One of my most interesting ancestors to date has to be Samuel Middlebrook. My great great Grandfather on my mothers side.
He emigrated as a child with his family from Yorkshire, and by the age of 17 was apparently fluent in Maori. I know little of his early life as yet, but on a recent trip south we stopped at the KatiKati Museum. I knew that he had raised a family there and was important in the settling of the area by the Ulster Irish Settlers.
In the museum we found this treasure of a portrait. One I had never seen or heard of before.
The journalling on this layout reads:
This portrait of Samuel Middlebrook was hanging in the
KatiKati Museum. Its description stated he was about 17 years old, and in the uniform of the Tauranga Armed Constabulary. His son Bert once said in a speech to the Ohinemuri Historical Society, that Sam ran away from home at 17, joined the Armed Constabulary in Tauranga, later joining the Lands and Survey Department where he would be involved in the original surveying of the Tauranga district, and later assist Sir George Vessey Stewart lead his Irish settlement party into the district.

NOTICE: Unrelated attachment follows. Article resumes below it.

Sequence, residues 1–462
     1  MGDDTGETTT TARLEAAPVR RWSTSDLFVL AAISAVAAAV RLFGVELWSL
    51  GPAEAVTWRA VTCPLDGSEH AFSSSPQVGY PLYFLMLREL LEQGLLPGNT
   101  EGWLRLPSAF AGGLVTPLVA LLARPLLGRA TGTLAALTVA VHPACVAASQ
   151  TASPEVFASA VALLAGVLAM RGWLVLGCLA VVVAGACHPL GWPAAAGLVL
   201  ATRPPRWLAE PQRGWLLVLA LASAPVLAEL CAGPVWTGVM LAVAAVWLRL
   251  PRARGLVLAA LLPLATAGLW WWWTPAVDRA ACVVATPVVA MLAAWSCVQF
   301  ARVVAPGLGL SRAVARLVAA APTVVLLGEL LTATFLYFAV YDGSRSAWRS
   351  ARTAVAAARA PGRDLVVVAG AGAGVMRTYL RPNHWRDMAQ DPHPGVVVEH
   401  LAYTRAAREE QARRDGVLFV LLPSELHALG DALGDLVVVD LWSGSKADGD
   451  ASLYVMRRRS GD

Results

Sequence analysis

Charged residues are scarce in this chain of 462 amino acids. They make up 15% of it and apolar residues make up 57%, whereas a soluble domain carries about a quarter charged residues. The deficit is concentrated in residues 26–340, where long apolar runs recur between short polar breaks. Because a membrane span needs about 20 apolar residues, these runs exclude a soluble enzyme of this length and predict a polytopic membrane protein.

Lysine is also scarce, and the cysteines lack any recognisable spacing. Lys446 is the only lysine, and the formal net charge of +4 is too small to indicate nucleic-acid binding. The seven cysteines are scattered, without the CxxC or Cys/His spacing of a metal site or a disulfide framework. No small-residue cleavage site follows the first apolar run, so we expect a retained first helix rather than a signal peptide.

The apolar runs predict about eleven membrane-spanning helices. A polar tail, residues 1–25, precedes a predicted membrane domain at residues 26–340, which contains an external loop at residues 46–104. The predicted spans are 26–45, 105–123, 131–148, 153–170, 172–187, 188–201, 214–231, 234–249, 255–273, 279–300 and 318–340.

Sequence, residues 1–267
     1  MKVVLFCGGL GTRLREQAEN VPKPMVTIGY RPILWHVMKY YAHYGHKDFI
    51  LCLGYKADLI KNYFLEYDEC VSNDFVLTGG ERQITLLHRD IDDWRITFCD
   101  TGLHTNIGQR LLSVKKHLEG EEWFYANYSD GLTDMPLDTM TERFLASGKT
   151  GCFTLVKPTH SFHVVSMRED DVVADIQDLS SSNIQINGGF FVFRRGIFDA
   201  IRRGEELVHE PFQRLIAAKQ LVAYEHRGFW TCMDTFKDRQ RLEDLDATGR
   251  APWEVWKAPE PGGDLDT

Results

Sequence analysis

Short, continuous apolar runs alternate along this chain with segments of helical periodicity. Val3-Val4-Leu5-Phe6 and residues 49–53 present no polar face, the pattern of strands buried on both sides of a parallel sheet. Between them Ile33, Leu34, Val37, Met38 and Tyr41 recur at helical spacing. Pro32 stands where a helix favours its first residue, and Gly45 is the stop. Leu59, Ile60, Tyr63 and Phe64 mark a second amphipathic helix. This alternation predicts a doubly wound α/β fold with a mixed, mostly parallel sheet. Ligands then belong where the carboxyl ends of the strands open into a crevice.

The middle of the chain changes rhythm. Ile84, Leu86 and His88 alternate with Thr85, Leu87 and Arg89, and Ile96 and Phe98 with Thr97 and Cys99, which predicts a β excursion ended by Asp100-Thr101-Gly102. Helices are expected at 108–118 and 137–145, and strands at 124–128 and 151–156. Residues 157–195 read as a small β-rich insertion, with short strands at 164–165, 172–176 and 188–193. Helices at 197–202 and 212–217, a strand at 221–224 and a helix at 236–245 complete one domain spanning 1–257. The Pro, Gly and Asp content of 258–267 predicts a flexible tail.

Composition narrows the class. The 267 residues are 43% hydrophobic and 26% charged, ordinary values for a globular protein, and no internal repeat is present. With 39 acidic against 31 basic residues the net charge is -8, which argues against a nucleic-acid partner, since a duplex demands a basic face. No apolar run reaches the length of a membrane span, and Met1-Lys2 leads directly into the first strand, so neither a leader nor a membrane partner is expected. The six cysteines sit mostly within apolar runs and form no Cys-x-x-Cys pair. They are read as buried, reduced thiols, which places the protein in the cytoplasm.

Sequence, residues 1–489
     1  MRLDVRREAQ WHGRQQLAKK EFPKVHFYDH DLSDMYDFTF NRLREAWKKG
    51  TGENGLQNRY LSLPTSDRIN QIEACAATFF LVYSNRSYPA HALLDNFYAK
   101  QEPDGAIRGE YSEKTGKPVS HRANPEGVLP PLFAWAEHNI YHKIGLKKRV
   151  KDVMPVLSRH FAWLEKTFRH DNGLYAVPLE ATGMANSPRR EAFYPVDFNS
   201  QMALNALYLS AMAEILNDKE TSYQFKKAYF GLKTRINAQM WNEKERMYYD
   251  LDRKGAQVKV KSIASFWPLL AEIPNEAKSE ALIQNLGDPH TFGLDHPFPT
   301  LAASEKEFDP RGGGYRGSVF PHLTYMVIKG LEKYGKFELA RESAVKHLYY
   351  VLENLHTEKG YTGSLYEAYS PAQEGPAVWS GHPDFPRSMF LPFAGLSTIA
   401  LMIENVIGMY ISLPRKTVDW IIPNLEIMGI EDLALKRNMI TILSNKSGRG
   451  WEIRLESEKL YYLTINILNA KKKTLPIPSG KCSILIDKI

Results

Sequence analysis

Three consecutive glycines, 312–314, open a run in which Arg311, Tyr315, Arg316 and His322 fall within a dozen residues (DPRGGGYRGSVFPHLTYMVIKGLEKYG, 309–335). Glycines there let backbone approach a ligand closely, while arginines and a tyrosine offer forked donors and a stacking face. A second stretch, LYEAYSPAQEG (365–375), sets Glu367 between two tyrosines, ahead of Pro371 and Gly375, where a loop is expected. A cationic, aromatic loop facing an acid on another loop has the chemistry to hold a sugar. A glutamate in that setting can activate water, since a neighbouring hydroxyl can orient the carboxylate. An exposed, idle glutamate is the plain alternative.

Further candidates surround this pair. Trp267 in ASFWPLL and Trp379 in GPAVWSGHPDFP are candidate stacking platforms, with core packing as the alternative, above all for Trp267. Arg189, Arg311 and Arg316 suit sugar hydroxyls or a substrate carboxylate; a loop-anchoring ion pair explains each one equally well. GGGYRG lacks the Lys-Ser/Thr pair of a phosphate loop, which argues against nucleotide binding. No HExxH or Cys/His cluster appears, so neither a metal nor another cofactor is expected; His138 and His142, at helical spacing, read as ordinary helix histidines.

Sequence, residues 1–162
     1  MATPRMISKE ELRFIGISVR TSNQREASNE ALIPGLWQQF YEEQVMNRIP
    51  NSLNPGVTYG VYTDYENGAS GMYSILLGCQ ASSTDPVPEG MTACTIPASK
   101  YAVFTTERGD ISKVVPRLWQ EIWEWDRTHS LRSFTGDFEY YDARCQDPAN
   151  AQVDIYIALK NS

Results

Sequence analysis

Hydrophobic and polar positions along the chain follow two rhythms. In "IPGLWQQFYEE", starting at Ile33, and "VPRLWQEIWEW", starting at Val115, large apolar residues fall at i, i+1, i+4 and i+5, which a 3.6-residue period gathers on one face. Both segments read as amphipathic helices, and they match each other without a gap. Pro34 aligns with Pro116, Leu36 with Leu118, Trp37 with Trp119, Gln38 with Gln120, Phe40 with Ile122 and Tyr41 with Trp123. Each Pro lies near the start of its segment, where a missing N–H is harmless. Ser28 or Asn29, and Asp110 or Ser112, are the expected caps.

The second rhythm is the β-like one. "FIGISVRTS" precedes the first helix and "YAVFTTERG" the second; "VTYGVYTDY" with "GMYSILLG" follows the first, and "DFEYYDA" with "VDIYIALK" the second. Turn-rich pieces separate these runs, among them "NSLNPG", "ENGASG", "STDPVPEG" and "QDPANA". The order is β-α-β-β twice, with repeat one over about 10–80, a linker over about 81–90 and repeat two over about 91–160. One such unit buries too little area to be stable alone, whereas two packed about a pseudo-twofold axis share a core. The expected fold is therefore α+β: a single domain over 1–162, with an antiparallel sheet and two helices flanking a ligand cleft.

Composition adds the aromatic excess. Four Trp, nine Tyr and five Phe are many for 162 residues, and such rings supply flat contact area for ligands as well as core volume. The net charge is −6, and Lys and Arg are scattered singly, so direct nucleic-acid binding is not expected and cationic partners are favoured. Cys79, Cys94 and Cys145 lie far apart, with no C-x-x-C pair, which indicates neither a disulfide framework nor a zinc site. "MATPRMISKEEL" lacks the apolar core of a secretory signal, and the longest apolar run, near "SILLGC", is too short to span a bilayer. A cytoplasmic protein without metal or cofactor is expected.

The Armed Constabulary and had the combined roles of regular police work and also supporting the militia during the Land Wars of the mid to late 19th Century. Initially Law and Order was kept by British forces but increased taxes on the colony for each British soldier meant by 1846 the time had come for the New Zealand Government to raise its own force to supplement their numbers With a combination of mounted and unmounted members the recruits were trained as light infantry and cavalry and their numbers were drawn from volunteers. From 1867 -1886 they were the only permanent force in New Zealand until the permanent Militia Force was formed in 1886.